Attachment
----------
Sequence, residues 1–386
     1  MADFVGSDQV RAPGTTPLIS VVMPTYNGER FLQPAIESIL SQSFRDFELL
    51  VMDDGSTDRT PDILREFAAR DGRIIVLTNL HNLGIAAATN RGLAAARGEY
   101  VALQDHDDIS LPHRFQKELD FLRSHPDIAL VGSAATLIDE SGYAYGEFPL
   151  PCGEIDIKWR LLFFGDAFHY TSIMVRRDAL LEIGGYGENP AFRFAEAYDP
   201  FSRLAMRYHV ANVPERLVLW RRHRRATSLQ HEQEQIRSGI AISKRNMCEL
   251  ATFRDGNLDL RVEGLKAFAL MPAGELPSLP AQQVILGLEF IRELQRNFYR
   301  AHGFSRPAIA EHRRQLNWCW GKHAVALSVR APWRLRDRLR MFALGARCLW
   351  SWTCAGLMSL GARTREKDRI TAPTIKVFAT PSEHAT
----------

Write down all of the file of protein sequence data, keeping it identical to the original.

Sequence, residues 1–386
     1  MADFVGSDQV RAPGTTPLIS VVMPTYNGER FLQPAIESIL SQSFRDFELL
    51  VMDDGSTDRT PDILREFAAR DGRIIVLTNL HNLGIAAATN RGLAAARGEY
   101  VALQDHDDIS LPHRFQKELD FLRSHPDIAL VGSAATLIDE SGYAYGEFPL
   151  PCGEIDIKWR LLFFGDAFHY TSIMVRRDAL LEIGGYGENP AFRFAEAYDP
   201  FSRLAMRYHV ANVPERLVLW RRHRRATSLQ HEQEQIRSGI AISKRNMCEL
   251  ATFRDGNLDL RVEGLKAFAL MPAGELPSLP AQQVILGLEF IRELQRNFYR
   301  AHGFSRPAIA EHRRQLNWCW GKHAVALSVR APWRLRDRLR MFALGARCLW
   351  SWTCAGLMSL GARTREKDRI TAPTIKVFAT PSEHAT